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Simon Alberti Group

Organization of cytoplasm across space and time

Portrait Simon Alberti

© Katrin Boes

Many key biochemical reactions take place in the cytoplasm. We still know very little about the organization of the cytoplasm and the role of biomolecular condensates such as RNP granules in regulating cellular functions. My research group aims to elucidate molecular principles underlying the spatiotemporal organization of the cytoplasm by condensate formation. We are particularly interested in understanding how the cytoplasm changes upon environmental perturbations and stress (Figure 1). Stressed cells undergo controlled changes on many levels to alter their physiology and metabolism. Many of these changes result directly from alterations in the structure and organization of the cytoplasm. Understanding these changes and how they promote organismal survival is our key aim.

To investigate this question, we use cell biological, biochemical, biophysical and genetic approaches and diverse model systems, such as yeast, Dictyostelium, and cultured mammalian cells, allowing us to cover a wide range of organismal life styles. Our findings so far indicate that the mechanisms by which macromolecules form condensates are diverse and involve dedicated factors such as prion-like proteins and scaffold molecules such as RNAs.

Importantly, the ability to form such condensates comes with a cost, as many condensate-forming proteins have a high propensity to misfold and aggregate. Indeed, we could recently show that condensate-forming proteins have very unusual molecular properties and are associated with age-related diseases (Patel et al., 2015; Maharana et al., 2018). Thus, our long-term aim is to gain insight into the important link between the condensate-forming abilities of proteins and age-related protein misfolding diseases such as amyotrophic lateral sclerosis.

Simon Alberti research: figure
Figure 1: Research focus of the Alberti lab. The figure shows an idealized cell, which transitions into a different state upon stress. This transition is associated with changes in the organization of the cytoplasm and the formation of large macromolecular assemblies. In normal cells, the macromolecules are not interacting with each other (unassembled). However, upon stress, these macromolecules interact and form assemblies with specific material properties (liquid or solid condensed matter state). Thus, the overall process has hallmarks of a phase transition. Stress-induced assemblies can either function as storage depots or as compartments for concentrated biochemical reactions.

Future Projects and Goals

  • Identify protein factors, domains, and sequence motifs that are required for the formation of condensates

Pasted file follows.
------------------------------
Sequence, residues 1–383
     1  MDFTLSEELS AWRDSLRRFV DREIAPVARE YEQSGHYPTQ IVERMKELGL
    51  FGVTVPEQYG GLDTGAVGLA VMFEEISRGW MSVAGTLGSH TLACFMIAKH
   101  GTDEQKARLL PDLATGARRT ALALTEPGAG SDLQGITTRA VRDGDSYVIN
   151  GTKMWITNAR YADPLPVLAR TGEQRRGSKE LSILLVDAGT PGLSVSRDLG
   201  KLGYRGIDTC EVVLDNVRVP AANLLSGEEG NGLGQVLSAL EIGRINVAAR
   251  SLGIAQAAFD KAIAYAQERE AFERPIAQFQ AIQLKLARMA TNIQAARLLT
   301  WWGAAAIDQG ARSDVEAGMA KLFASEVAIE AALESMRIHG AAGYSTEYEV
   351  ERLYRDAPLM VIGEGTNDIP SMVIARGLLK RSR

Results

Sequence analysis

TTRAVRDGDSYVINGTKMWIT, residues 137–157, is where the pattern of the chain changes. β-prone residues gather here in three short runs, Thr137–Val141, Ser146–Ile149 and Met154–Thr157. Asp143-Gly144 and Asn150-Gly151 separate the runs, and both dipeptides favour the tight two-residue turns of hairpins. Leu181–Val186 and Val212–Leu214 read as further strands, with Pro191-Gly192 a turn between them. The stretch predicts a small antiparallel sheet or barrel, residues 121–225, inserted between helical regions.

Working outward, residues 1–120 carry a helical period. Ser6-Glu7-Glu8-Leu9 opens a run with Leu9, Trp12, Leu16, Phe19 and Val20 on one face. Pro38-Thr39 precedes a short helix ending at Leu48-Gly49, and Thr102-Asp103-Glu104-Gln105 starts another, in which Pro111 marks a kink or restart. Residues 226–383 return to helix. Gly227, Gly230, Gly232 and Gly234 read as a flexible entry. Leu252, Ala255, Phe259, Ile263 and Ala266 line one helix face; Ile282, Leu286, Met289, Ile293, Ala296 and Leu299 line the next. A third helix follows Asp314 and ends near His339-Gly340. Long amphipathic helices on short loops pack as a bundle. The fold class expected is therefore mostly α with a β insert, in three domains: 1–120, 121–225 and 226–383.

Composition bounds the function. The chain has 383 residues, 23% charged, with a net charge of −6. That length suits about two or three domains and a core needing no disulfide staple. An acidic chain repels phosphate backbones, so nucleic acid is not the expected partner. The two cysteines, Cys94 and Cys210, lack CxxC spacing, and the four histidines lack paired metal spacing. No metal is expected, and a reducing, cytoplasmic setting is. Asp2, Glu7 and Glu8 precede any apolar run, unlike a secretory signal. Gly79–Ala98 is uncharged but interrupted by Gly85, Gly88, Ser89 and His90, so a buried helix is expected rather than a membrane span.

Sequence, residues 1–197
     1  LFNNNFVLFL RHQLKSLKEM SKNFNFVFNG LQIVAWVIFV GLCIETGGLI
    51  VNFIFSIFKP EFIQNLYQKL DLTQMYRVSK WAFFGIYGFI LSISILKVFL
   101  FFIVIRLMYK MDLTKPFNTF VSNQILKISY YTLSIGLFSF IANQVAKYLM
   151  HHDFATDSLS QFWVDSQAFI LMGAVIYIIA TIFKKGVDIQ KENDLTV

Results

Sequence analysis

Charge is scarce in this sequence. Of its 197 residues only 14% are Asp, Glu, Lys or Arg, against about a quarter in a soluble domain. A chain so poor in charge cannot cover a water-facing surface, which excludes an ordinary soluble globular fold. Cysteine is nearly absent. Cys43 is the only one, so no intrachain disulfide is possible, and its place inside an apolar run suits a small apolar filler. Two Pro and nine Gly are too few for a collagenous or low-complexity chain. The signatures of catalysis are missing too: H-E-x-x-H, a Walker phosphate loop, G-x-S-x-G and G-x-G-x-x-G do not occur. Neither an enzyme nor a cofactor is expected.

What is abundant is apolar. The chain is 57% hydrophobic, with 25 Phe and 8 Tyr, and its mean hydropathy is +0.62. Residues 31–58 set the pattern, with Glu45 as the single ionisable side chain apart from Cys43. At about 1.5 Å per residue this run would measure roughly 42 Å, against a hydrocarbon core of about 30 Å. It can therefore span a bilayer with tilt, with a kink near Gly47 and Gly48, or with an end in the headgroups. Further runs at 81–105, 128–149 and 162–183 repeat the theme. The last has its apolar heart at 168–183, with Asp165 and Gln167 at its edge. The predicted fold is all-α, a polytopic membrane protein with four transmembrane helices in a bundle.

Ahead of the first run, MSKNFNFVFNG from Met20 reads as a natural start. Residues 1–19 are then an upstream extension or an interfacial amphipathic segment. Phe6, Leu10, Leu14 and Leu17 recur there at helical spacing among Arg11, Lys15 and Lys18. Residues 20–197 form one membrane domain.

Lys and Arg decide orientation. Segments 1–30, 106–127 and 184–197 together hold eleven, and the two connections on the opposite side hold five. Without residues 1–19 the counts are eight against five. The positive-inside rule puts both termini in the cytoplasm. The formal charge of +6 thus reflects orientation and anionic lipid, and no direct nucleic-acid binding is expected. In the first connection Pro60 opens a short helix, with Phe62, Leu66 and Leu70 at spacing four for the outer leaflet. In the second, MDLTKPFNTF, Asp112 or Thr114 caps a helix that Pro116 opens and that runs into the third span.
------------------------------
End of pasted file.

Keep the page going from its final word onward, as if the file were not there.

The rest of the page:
• Identify molecular mechanisms regulating the formation of condensates, with a focus on the protein quality control machinery and post-translational modifications
  • Genetic and chemical screens to identify modifiers of condensate formation
  • Investigate how the ability to form condensates affects the physiological state of a cell, determines developmental decisions, and contributes to diseases and aging

Methodological and Technical Expertise

  • Genetics and cell biology of S. cerevisiae, Dictyostelium, and cultured mammalian cells
  • Fluorescence microscopy and time-lapse imaging
  • Biophysical approaches such FRAP and photoconversion to study intracellular dynamics
  • Biochemical reconstitution assays and in vitro and in vivo aggregation assays


Since 2018
Professor of Cellular Biochemistry at BIOTEC Dresden

Group leader at the Max-Planck-Institute of Molecular Cell Biology and Genetics in Dresden

Post-doctoral Fellow at the Whitehead Institute for Biomedical Research in Cambridge (USA)

PhD in Biology, University of Bonn

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Alberti Group at TUD BIOTEC

Selected Publications

Simon Alberti, Amy Gladfelter, Tanja Mittag
Considerations and Challenges in Studying Liquid-Liquid Phase Separation and Biomolecular Condensates.
Cell, 176 pp. 419–434 (2019)

Shovamayee Maharana, Jie Wang, Dimitrios Papadopoulos, Doris Richter, Andrei I. Pozniakovsky, Ina Poser, Marc Bickle, Sandra Rizk, Jordina Guillén-Boixet, Titus Franzmann, Marcus Jahnel, Lara Marrone, Young-Tae Chang, Jared Sterneckert, Pavel Tomancak, Anthony Hyman, Simon Alberti
RNA buffers the phase separation behavior of prion-like RNA binding proteins.
Science, 360 pp. 918–921 (2018)

T. M. Franzmann, M. Jahnel, A. Pozniakovsky, J. Mahamid, A. S. Holehouse, E. Nüske, D. Richter, W. Baumeister, S. W. Grill, R. V. Pappu, A. A. Hyman, Simon Alberti
Phase separation of a yeast prion protein promotes cellular fitness.
Science, 359, eaao5654 (2018)

Jie Wang, Jeong-Mo Choi, Alex S Holehouse, Hyun O. Lee, Xiaojie Zhang, Marcus Jahnel, Shovamayee Maharana, Regis P. Lemaitre, Andrei I. Pozniakovsky, David N. Drechsel, Ina Poser, Rohit V Pappu, Simon Alberti, Anthony Hyman
A Molecular Grammar Governing the Driving Forces for Phase Separation of Prion-like RNA Binding Proteins.
Cell, 174 (2018)

Avinash Patel, Hyun-Ok Kate Lee, Louise Jawerth, Shovamayee Maharana, Marcus Jahnel, Marco Y Hein, Stoyno Stoynov, J. Mahamid, Shambaditya Saha, Titus Franzmann, Andrei Pozniakovski, Ina Poser, Nicola Maghelli, Loic Royer, Martin Weigert, Eugene W Myers, Stephan W. Grill, David N. Drechsel, Anthony Hyman, Simon Alberti
A Liquid-to-Solid Phase Transition of the ALS Protein FUS Accelerated by Disease Mutation.
Cell, 162, pp. 1066–1077 (2015)


Biotechnology Center of the TU Dresden (BIOTEC)
Tatzberg 47/49
01307 Dresden